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  • Acne is a very common skin condition that causes your skin to break out in “spots” or “pimples.” Acne usually starts during puberty; however, it may sometimes occur in children, and can persist into adulthood.

    Acne usually goes away after several years, but for some people it can go on for a lot longer. 

    Treating acne takes time. Depending on how severe the acne is, special treatment with prescription creams or oral medication may be needed to treat existing spots and prevent new ones developing.

    Severe acne can be very upsetting and affect a person's confidence and self-image, and untreated or complicated acne can leave lifelong scars.

    Acne is a medical condition. It is not a disease caused by dirtiness and is not contagious.

    Symptoms of acne

    Acne can consist of the skin being affected by large amounts of: 

    • blackheads (small black spots) 
    • whiteheads (small white spots) 
    • pimples (inflamed red spots, which sometimes have a yellow centre of pus) 
    • nodules (bumps under the skin, which can be painful) or cysts (firm lesions that contain fluid) 

    It is most common on the face, but can also occur on the back, chest, shoulders and neck. The occasional pimple or blackhead is not considered to be acne. 

    What causes acne?

    Pimples appear when the oil glands (pores) in your skin get blocked. During puberty, and in females before their period, higher levels of hormones cause the oil glands to enlarge and produce more oil (sebum). Your face, neck, chest, shoulders and upper back are most likely to be affected by acne because they have the most oil glands. 

    This extra oil causes the pores in your skin to become blocked and dead skin cells to get trapped, producing blackheads and whiteheads. Bacteria can grow in these blocked pores. These bacteria produce chemicals that can cause inflammation resulting in redness, swelling and pain.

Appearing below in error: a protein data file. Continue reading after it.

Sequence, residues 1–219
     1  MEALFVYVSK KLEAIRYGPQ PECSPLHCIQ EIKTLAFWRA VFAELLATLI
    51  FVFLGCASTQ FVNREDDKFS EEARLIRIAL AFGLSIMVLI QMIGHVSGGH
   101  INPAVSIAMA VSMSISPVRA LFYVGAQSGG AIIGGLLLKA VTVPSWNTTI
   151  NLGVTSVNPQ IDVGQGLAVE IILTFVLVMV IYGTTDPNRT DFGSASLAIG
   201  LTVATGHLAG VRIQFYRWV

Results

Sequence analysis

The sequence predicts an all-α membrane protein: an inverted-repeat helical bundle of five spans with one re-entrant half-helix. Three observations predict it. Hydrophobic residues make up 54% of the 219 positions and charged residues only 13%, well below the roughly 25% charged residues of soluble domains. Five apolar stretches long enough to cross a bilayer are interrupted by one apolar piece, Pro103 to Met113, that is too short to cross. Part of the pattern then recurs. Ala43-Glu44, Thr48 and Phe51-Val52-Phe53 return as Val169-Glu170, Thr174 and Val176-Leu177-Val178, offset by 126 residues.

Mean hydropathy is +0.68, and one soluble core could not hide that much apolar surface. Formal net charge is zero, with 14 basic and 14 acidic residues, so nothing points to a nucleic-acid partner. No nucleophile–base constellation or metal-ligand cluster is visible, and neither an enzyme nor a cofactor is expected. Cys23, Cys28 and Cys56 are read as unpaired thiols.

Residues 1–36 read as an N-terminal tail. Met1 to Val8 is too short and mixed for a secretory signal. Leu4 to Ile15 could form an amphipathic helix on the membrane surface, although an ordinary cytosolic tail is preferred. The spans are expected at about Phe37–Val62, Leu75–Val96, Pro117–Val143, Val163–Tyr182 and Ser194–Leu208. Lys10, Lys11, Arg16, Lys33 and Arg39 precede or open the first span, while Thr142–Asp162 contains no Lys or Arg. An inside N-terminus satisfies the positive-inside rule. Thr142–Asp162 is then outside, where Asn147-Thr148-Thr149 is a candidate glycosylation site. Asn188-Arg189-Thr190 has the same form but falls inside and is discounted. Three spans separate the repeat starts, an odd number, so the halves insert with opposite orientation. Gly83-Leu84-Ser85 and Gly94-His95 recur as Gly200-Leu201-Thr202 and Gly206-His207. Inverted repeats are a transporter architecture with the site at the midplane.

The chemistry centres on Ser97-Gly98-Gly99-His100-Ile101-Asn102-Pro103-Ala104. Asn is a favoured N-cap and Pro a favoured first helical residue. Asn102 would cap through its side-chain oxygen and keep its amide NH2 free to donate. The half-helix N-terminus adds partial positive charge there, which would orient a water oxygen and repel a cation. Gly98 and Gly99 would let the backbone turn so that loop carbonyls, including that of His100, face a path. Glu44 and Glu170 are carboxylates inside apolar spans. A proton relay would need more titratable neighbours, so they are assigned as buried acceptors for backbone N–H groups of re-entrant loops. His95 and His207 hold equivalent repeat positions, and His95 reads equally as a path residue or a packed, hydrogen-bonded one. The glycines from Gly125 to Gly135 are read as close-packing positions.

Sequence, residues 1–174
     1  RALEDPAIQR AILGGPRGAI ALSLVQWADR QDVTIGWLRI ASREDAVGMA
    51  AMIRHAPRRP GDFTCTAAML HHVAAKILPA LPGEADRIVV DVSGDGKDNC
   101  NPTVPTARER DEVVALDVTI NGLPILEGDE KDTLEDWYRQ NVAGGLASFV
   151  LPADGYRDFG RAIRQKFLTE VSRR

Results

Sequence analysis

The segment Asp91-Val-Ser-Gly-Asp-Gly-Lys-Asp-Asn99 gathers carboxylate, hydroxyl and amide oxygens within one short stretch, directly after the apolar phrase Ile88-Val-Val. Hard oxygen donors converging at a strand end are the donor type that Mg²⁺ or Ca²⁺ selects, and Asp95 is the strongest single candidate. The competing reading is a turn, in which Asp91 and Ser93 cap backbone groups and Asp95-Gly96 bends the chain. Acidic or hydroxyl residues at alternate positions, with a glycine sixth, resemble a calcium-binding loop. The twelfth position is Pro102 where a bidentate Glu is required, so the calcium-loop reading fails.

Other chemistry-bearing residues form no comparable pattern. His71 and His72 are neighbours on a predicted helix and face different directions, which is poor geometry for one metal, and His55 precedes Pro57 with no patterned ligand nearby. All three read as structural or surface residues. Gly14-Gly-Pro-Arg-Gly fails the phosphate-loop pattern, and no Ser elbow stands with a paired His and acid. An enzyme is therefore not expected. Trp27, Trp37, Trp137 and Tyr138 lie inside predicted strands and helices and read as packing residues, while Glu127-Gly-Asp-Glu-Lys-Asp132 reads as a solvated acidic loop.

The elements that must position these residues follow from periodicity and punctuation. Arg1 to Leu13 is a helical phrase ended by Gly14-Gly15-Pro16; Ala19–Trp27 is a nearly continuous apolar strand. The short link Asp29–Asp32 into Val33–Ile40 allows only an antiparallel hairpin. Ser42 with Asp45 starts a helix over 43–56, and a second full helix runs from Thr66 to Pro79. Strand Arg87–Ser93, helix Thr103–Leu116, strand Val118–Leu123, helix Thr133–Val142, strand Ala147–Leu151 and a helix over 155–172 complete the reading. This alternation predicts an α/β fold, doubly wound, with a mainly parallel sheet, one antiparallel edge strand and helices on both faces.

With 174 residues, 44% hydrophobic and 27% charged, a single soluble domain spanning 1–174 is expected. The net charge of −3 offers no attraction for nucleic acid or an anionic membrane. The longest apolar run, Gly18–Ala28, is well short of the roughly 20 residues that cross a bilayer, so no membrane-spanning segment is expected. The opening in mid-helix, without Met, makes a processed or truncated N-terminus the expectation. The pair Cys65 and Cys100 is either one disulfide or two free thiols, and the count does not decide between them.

Acne can run in families. Having parents with a history of acne is associated with a higher risk of developing acne.

    Care at home

    There is no instant or permanent cure for acne, but it is possible to control it. Proper treatment for your acne will help to prevent permanent scars. The following recommendations will help take care of your skin:

    Good skin care

    Even though acne is not caused by dirt, taking care of your skin is important. The darkness of a blackhead is not dirt, but is due to dried oil and trapped dead skin cells in the pores. For the normal care of your skin, you should wash your face with a gentle, pH balanced soap-free cleanser twice a day. Cleansers that contain salicylic acid can help break down sebum and help unblock pores. It's important not to wash too often as this may actually aggravate your acne. Regular shampooing of your hair is also recommended, especially if your hair is oily and rests against your forehead. Try to pull your hair back from your face and neck as much as possible.

    Makeup, moisturisers and sunscreen

    When buying makeup, choose oil-free or matte-finish products or a mineral powder. These are non-comedogenic or non-acnegenic, which means they should not block your pores. Only apply moisturiser to acne affected areas if they are dry or irritated. Using too much moisturiser can make acne worse. Also look for oil-free and non-comedogenic products. Sunscreen gels, liquids, light creams and sprays are best for acne prone skin. 

    Makeup should be taken off every night with a mild ‘soap free’ cleanser or micellar water. Do not use make-up remover wipes.

    Non-prescription creams

    Many non-prescription acne lotions and creams can help mild acne by cleaning the skin and drying up excess oil. These are available over the counter at a pharmacy or chemist. However, many of these products will make your skin dry if used too often. If you use these products, follow the instructions carefully. Be patient, it may take two to three months to see improvement in your acne. Ask your pharmacist for advice on the best product to use, as using the wrong products can irritate your skin and make your acne worse. Do not rely on advertisements, celebrity endorsements, or advice from friends.

    Don't squeeze

    Don't pick, scratch, pop or squeeze your pimples. When the pimples are squeezed, more redness, swelling, inflammation and scarring may result.